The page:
Delamar Nevada - 09/23/2016 Trip Notes

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This page last updated on 04/13/2017

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Directions: At a major junction beyond the town of Alamo, stay to the right on U.S. 93 (the Great Basin Highway) heading toward Caliente. About 42 miles from Alamo, watch for a  blue State of Nevada Historical Marker #90 and the marked turn onto Delamar Road on the right side of the highway (Fig. 01). Head south on this good graded dirt road along a power line for about 10 miles, until it branches off east toward the Delamar Range and the ghost town (Fig. 02). Follow this for another 4 miles to the base of the sage-covered hills and you will come to the Delamar graveyard on the right side of the road. Continue the road to the right, up and around the mountain for another 2 miles to the mining ghost town of Delamar. For more info on the history of Delamar, visit the page on my first trip ... Delamar Ghost Town - Summary Page
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09/23/2016 Trip Notes:  The last time Harvey and I visited Delamar, back in June of 2012, we only had his pickup truck. On today's visit, accompanied by our friend Bob Croke, we decided to take Harvey's 4WD Ranger. Shortly after the turnoff at the highway, we spotted several wild horses (Figs. 04 & 05). Harvey was even able to get within just a few feet of them to take a few pictures. About nine miles out we took a wrong turn (see Fig. 02). When we got to the end of this dead-end we did find a series of large wooden cattle corrals (Figs. 06 & 07). Next, there were several cows taking refuge near a man-made watering hole that we had past on our previous visit (Fig. 08). Our final stop before reaching Delamar was at the site of the Delamar cemetery (see Fig. 02), where we unloaded the Ranger and left the truck. While Harvey unloaded the Ranger, Bob and I toured the forlorn cemetery. Its boundaries marked by a sometimes broken down wire fence, inside there were a variety of headstones, monuments and ornate metal fences delineating some of the graves and family plots. Sadly, it appears that vandals and the natural elements have inflicted considerable damage over the years (Fig. 09). We then headed up and over the adjacent hill toward the town. (Notes con't below)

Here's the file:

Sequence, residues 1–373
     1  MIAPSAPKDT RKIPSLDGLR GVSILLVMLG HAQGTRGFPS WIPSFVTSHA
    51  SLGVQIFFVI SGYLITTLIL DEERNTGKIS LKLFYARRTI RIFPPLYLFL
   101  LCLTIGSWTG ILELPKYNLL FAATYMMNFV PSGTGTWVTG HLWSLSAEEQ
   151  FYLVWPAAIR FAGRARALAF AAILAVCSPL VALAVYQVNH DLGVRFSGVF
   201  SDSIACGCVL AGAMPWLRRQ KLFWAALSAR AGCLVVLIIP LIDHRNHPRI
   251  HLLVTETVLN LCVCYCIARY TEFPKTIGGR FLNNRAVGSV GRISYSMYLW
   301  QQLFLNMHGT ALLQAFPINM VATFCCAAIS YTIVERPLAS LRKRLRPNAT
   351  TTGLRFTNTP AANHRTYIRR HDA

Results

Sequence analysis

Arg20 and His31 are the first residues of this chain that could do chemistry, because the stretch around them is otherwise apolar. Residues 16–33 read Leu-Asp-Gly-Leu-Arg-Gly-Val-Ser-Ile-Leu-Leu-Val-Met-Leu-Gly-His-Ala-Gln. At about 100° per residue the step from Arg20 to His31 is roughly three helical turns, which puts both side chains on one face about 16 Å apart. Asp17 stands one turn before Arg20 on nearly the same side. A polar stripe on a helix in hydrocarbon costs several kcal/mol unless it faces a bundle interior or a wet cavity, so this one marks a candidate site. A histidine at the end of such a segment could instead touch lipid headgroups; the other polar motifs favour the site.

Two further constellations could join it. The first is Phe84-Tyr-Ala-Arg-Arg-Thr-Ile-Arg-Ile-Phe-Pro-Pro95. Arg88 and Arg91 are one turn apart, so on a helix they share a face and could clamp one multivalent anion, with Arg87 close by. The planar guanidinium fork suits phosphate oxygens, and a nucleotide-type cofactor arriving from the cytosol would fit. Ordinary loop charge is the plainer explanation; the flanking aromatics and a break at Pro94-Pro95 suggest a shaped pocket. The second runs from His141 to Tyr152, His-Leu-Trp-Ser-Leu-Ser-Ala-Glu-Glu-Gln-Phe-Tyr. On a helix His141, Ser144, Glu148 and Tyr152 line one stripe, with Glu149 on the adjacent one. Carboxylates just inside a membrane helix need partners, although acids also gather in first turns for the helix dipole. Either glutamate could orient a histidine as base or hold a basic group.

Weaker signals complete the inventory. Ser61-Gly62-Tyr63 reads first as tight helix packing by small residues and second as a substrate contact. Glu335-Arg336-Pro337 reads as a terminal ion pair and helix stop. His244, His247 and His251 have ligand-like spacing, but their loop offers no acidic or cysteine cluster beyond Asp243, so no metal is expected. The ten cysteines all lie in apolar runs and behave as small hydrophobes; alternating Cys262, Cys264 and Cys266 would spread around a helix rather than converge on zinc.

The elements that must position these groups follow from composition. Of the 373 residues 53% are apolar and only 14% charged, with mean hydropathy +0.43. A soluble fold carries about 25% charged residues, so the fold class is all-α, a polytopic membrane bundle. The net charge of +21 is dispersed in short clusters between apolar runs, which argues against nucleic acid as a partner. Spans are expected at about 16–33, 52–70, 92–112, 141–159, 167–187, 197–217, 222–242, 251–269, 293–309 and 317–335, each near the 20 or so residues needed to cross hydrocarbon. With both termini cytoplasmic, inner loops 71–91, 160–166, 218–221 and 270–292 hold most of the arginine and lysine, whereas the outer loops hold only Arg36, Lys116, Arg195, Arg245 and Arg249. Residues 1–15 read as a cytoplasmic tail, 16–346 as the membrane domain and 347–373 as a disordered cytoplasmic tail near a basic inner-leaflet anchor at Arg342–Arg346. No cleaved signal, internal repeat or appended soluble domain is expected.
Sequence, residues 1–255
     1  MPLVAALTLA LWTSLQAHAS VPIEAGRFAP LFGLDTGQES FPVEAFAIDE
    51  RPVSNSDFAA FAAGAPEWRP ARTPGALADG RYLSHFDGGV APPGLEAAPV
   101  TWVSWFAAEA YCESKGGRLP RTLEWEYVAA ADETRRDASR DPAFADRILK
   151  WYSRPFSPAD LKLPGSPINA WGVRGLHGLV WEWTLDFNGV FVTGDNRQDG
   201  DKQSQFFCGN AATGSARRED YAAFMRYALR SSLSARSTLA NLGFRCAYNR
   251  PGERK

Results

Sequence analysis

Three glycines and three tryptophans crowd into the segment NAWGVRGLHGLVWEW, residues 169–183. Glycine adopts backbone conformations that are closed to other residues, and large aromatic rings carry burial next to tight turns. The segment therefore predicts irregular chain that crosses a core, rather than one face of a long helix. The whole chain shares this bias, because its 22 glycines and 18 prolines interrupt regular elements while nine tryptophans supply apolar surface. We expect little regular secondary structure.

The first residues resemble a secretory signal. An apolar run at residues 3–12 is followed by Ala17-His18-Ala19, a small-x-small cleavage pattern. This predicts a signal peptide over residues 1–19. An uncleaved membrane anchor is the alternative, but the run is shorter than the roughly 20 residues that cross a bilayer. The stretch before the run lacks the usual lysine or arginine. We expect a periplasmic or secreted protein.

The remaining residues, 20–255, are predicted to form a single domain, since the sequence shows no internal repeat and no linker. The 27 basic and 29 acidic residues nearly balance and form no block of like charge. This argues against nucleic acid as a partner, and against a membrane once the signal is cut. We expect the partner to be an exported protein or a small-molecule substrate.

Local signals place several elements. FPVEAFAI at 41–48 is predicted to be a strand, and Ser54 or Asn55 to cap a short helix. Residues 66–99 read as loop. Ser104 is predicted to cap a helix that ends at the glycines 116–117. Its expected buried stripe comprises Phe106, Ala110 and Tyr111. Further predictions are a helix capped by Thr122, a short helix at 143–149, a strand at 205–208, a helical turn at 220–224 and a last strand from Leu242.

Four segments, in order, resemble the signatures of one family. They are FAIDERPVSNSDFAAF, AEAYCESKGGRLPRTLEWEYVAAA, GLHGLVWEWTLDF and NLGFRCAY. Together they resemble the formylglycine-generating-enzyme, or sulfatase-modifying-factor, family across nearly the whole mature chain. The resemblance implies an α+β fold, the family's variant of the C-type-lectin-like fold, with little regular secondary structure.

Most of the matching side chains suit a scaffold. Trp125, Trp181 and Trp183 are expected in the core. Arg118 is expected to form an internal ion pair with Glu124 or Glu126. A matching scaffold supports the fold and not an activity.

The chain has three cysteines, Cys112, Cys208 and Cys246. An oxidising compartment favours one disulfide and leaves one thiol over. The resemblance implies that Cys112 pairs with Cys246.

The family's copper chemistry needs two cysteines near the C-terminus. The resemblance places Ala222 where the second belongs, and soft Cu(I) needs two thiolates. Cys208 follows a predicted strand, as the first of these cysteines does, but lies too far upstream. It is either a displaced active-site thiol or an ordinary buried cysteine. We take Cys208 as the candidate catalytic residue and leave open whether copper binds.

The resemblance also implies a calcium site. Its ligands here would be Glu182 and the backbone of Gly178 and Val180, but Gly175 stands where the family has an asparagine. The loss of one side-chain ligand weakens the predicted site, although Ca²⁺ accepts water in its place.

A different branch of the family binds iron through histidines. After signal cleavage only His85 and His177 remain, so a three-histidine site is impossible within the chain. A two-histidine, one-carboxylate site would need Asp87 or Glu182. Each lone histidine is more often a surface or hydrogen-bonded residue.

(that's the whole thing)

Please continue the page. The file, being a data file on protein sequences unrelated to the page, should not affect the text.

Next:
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Trip Notes Continued: After rounding the next hill the small opera house that was located on the outskirts of town came into view at the bottom of a short downgrade (Fig. 10). Around the next corner the remains of the old ore processing mill site (Fig. 11) came into view. Around the corner from here there are the foundation remains of more than two dozen homes (Fig. 12) built on the side of the hill that looked up to the site of the town's primary mining operation near the top of the hill to a huge digging known as the "Glory Hole" (Fig. 13). Also see (Fig. 02). Some of these remains were connected side by side like an apartment complex. After hiking around and exploring the foundations of these homes, we found a steep road (see Fig. 03) that switched back and forth up the hill to the mine at the top of the mountain (Fig. 14). Following this road to the very top we discovered a stone building that was still in pretty good shape. The only thing missing was the roof, doors and windows. We thought that it may have belonged to the mining company instead of a private resident. From the very top we were also able to look down into yet another large excavation that had evidence of a "vein" on either end that may have been what the miners may have been chasing (Fig. 16). On the way back down I captured a view looking down onto the town (Fig. 17). (Notes con't below)
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Trips Notes Continued: After retreating down the mountain to the town's main road, we turned left and headed to the northeast (Fig. 03). This led us to yet another large two story stone building (Figs. 18 & 19), and a grouping of foundations and a tailing pile that appeared that it may have been the original mill operation site (Figs. 20 & 21). From here we turned around and headed southwest back down the town's "main drag". We examined the remains of one of the town's banks, and a couple of old safes (Figs. 22 & 23). Giving us a view looking back at the whole town, the last couple of structures at the end of this road is where we stopped and had lunch (Fig. 24). After lunch we hiked the remainder of the road to the top of a hill that provided a beautiful view west out over the Dealmar Valley (Fig. 25). For the day we spent more than 4.5 hours traveling or hiking a total 20.8 miles one way. I couldn't believe how much more we saw on this trip that Harvey and I had not explored on our previous visit. Our sincere thanks for Harvey Smith meeting us and taking us on this wonderful trip. Also my thanks to Bob Croke for providing the maps shown above.
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